Friday, 20 April 2018

Adzel And Axor Revisited

A few strands of thought have come together. I keep contemplating Poul Anderson's Adzel and Axor, two Wodenites perpetuating Terrestrial religions in Technic civilization. Meanwhile, Michael Portillo has returned to British television with a Hidden History. Portillo reveals that, in the nineteenth century, it was popularly believed that those whose corpses were dissected for medical research would not be resurrected on the Day of Judgment! This could only be done to criminals. CS Lewis argues in Letters To Malcolm that St Paul's teaching about a spiritual body does not imply the reconstitution or reanimation of the scattered bodily atoms. Lewis instead argues for what sounds like a purely mental, or philosophically idealist, "resurrection" of our memories of physical existence - although the Gospels describe a tangible bodily Resurrection.

 Will Adzel's Mahayana Buddhism or Axor's Jerusalem Catholicism seem more credible in Technic civilization? Materialists think that the Buddha's consciousness ceased when he died. Buddhists believe that he has neither survived as a soul nor been reborn. We can meditate and even join the Buddhist Sangha without believing that there is a literal Lord who still exists somewhere and will someday return. Spiritual practice need not be attached to this belief in a Second Coming which was expected two millennia ago but which continues not to happen.

11 comments:

Sean M. Brooks said...

Kaor, Paul!

The Second Coming of Christ has not yet occurred? To me, the mere timing is a matter of indifference because Our Lord warned his disciples that no one knows the hour of his return. A thousand years, a million, or even a trillion, what difference does it make in the eyes of God?

Sean

Paul Shackley said...

Sean,
The exact timing was unknown but it was meant to happen while some of the people who heard the message were still alive.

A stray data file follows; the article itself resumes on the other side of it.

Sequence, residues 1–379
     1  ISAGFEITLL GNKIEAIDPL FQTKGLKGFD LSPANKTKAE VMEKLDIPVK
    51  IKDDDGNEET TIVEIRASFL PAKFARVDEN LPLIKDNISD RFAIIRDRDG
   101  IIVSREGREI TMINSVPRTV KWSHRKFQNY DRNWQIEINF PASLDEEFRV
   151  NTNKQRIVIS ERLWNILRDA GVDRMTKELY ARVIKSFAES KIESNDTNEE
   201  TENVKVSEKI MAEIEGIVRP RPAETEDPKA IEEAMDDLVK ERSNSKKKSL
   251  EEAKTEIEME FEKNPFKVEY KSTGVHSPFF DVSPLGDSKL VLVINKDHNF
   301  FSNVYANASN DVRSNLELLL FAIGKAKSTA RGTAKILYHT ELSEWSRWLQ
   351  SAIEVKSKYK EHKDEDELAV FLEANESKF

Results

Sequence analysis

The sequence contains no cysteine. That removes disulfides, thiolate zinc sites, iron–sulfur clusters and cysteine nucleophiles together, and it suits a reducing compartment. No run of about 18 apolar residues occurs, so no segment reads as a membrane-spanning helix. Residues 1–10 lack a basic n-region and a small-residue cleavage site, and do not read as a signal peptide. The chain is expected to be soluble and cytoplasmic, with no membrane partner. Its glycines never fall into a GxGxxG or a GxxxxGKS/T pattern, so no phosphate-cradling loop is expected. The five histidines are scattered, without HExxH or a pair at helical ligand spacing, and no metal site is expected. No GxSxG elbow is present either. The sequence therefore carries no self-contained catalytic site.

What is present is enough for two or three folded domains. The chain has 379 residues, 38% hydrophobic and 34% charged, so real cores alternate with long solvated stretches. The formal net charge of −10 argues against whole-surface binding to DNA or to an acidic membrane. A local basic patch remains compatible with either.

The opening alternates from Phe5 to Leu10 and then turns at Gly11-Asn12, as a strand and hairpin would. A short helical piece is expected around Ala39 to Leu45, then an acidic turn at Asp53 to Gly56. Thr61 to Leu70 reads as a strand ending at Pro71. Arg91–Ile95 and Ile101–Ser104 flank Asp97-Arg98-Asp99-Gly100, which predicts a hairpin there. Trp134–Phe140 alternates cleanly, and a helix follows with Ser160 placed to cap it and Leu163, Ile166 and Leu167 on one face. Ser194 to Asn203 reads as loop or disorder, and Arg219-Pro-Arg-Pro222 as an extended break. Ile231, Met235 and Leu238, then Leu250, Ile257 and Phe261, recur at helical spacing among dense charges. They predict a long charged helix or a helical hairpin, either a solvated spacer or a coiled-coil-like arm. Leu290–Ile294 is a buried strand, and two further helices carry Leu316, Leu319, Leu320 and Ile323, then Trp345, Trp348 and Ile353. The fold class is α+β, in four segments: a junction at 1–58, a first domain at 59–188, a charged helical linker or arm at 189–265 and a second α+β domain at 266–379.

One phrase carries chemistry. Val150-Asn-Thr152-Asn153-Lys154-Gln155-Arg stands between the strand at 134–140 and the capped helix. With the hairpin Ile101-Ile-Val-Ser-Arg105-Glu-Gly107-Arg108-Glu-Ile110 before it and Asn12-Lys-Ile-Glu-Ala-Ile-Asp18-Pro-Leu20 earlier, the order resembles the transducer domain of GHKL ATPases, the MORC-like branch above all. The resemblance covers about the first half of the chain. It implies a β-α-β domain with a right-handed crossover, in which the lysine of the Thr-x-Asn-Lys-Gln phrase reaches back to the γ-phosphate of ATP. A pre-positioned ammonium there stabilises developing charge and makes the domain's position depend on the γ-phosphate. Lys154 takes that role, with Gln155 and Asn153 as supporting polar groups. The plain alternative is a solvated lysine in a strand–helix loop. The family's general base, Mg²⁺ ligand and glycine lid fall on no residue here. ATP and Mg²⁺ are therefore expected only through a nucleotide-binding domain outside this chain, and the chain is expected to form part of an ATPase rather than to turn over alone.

Paul.

Sean M. Brooks said...

Kaor, Paul!

But that was only what some people thought. But Christ himself never gave us a specific date.

Sean

Paul Shackley said...

Sean,
Matthew 16:28; Mark 9:1; Matthew 24:24; Luke 9:27; Luke 21:32.
Not a specific date but it should have happened in the 1st century.
Paul.

Paul Shackley said...

Not Matthew 24:24. Matthew 24: 34.

Sean M. Brooks said...

Kaor, Paul!

But I'm a Catholic, not an extremist sectarian like many Jehovah's Witnesses, who have committed themselves many times to exact dates on which they claimed Christ would return. The Catholic Church does not believe in impatiently trying to jog God's elbow and FORCE the second coming.

Sean

Paul Shackley said...

Sean,
But how do you interpret the texts that I cited? In those five passages, Jesus explicitly says that the kingdom will come while some of his audience are still alive.
Paul.

Sean M. Brooks said...

Kaor, Paul!

Today is going to be busy for me. When I have more time I will look up what Catholic commentators have said about the texts you listed.

Sean

Sean M. Brooks said...

Kaor, Paul!

You cited Matthew 16-28: "Amen, I say to you, there are some standing here who will not taste death until they see the Son of Man coming in his kingdom." I quoted from the New American Bible because it is so carefully and thoroughly annotated. The commentator who discussed 16.24-28 wrote: "A readiness to follow Jesus even to giving up one's life for him is the condition for true discipleship; this will be repaid by him at the Final Judgement."